China’s Achilles Heel
Not that China is in danger or anything, but the ethnic riots in Urumqi might be a lot more serious than last year’s Tibetan uprising. The Uighurs don’t seem to have that same look-inward, turn-the-other-cheek mindset that Tibetans are famous for.
These ethnic tensions have been building for a long time. Night Train to Turkistan (1986) was a first-hand account of four Americans who traveled all over western China. They had fascinating adventures, but there were long-simmering ethnic feuds even then. I think the book mentioned the Uighurs in particular (I read it a long time ago). In any case, everywhere these travelers went, there was resentment against the Chinese. Millions of Chinese citizens have moved (or more likely, they got “moved” by the government) into these remote western regions, causing the indigenous tribes to become minorities on their own turf.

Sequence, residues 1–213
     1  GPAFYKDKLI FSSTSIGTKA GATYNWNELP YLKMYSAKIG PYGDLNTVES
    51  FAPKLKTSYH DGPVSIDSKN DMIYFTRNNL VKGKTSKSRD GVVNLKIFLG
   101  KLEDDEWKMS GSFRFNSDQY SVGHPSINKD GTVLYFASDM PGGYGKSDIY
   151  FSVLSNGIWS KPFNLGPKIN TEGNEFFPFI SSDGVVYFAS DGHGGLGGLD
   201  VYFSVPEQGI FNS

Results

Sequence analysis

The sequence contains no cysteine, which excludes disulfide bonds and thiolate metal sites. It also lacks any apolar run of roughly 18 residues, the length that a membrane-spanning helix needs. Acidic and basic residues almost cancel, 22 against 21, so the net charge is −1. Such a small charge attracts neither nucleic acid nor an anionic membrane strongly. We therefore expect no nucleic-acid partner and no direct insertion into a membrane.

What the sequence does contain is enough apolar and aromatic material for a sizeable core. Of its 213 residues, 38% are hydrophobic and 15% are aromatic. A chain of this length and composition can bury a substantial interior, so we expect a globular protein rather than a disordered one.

Same with Tibet — in Lhasa, Chinese citizens outnumber Tibetans.
Mongolia offers more perspectives on China — past and present. The two countries had centuries of warfare, and Inner Mongolia is now a Chinese province. Everything is relative, and Mongolians think of Russia as the lesser of two evils.
Somehow, it’s hard to picture these Urumqi riots as something that will flare up and then die down and everyone will live happily ever after.
This isn’t wishful thinking or anything. After all, China is our landlord. And if you’re a renter and your landlord is in trouble, YOU might not have a place to live.
So let’s hope China can find a workable solution.
cross-posted at Bring It On!